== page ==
Supporting milk prices too much could damage dairy co-op finances this spring

With dairy market prices continuing to remain depressed incoming ICOS CEO, TJ Flanagan has warned for its impact on the finances of the countries’ dairy co-ops.

Flanagan has said that while we must all remain hopeful of an upturn, on the basis of current milk prices and projections, the typical dairy farmer could take a €30,000 hit on income.

He noted that will result in a cash flow crisis on many farms, particularly for new entrants and those who expanded production significantly.

Last season, dairy farmers benefited from co-op support for milk prices which exceeded €100 million for the year, Flanagan explained.

“Co-op boards were happy to provide that support; it’s what the co-op model is all about.

“But we have to be careful not to damage the co-op’s finances, which would undermine the position of farmers in the long term,” he warned.

He highlighted that the fact that Banks are reporting only a marginally higher overdraft utilisation compared to the same period last year demonstrates the degree to which farmers are utilising co-op credit to fund their feed, fertiliser and other input purchases.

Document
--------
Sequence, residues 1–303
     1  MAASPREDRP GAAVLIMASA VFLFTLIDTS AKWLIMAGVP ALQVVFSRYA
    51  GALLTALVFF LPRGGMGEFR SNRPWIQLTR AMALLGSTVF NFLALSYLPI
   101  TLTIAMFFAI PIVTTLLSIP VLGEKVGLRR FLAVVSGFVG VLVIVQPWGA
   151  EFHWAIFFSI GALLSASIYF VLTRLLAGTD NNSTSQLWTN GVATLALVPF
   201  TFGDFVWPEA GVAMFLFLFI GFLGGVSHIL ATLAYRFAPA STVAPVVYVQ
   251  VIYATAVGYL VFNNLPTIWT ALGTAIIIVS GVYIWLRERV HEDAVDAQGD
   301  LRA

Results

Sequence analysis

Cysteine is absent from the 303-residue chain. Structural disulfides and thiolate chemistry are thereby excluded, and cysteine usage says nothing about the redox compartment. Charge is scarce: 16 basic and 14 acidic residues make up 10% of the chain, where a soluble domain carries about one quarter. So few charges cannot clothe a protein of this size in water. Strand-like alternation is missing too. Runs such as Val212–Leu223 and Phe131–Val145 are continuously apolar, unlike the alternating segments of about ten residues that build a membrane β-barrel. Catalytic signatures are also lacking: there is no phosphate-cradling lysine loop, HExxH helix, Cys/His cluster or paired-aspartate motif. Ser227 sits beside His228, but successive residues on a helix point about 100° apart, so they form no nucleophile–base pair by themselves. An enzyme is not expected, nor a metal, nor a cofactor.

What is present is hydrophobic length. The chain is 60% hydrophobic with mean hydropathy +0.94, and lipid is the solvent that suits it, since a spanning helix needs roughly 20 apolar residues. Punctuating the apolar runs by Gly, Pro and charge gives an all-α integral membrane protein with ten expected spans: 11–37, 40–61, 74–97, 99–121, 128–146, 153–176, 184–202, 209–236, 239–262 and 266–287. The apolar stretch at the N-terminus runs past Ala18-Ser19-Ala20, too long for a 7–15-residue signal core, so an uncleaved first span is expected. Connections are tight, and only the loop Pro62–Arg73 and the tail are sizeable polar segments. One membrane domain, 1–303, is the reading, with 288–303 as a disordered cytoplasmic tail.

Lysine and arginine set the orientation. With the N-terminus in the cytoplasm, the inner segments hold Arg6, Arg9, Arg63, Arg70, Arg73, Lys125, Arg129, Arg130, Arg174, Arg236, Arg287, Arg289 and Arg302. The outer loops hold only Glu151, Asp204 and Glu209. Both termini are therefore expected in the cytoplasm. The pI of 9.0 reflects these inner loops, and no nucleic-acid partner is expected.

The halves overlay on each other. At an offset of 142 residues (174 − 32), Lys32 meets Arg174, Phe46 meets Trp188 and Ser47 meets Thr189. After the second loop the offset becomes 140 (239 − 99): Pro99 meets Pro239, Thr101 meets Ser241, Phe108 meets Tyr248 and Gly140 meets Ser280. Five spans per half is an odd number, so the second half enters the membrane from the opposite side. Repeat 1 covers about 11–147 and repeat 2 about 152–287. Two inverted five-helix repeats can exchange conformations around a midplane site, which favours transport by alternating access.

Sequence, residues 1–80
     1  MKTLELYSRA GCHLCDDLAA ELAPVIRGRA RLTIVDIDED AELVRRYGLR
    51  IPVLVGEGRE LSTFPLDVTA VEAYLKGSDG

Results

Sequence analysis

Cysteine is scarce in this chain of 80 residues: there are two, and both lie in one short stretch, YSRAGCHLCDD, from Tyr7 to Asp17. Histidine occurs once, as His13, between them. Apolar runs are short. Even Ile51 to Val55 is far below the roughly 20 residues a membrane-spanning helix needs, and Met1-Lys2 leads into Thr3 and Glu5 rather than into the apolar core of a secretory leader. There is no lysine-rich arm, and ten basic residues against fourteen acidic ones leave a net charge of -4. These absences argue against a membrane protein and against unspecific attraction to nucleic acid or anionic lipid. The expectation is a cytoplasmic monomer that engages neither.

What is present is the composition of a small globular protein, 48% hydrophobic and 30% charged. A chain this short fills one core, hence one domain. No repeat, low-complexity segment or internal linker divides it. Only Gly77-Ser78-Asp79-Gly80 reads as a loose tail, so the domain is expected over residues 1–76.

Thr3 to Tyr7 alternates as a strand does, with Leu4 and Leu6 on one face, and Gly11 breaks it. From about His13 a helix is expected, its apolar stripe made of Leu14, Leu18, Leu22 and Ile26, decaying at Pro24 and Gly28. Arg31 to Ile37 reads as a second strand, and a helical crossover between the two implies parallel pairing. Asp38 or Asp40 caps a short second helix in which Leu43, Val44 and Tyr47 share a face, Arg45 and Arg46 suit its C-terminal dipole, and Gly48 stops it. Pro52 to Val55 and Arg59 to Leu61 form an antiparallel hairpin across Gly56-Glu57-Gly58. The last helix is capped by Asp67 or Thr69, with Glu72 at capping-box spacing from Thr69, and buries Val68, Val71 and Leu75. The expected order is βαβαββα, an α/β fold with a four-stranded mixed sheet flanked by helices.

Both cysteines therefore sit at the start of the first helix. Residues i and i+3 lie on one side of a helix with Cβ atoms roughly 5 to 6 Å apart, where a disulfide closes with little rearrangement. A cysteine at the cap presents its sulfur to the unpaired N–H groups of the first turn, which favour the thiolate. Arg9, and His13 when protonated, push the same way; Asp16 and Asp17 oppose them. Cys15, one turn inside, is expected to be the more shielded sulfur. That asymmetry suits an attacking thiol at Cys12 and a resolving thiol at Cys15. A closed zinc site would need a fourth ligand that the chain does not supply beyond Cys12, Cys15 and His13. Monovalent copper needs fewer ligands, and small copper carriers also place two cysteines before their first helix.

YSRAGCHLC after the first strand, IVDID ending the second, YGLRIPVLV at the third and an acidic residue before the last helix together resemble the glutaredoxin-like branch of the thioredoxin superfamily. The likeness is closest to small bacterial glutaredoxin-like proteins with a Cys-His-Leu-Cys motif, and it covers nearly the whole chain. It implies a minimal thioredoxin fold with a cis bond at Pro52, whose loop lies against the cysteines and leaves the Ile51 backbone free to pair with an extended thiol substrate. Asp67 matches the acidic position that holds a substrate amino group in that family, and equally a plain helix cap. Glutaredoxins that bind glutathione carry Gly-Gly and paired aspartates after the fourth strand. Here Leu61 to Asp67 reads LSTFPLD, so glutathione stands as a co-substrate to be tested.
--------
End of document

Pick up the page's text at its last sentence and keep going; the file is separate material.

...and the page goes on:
“Huge work has been done by co-ops in developing fixed price schemes, which farmers are very glad to have availed of, but more needs to be done to help farmers to get through this year’s difficulties,” he stressed.


The fact that we don’t currently have a Government could be significant, Flanagan cautioned.

“We may lack the structures to capitalise on the European Council’s decision to allow emergency State Aid to be granted to farmers, to a value equivalent to €15,000 in one year. The aid could take the form of access to temporary finance schemes (loans or guarantees) to bridge the liquidity gap.

“Whilst the Minister received a negative response to his request for a deferral of super levy instalments due for this summer, we must persist with the request, since every €1,000 of spending that can be saved this year could make a vital difference,” he said.


Many farmers, particularly those on income averaging, will face significant tax bills this year, Flanagan said reflective of strong income levels in recent years.

“Unfortunately, much of the strong cash-flow from those years was spent on expansion, with cash-flow implications this year, and highlighted the move by the French government to defer €500m in farm tax and social insurance bills for this year.

“If the authorities here were in a position to do likewise, that would make a significant contribution to helping farmers’ cash-flow problems,” he said.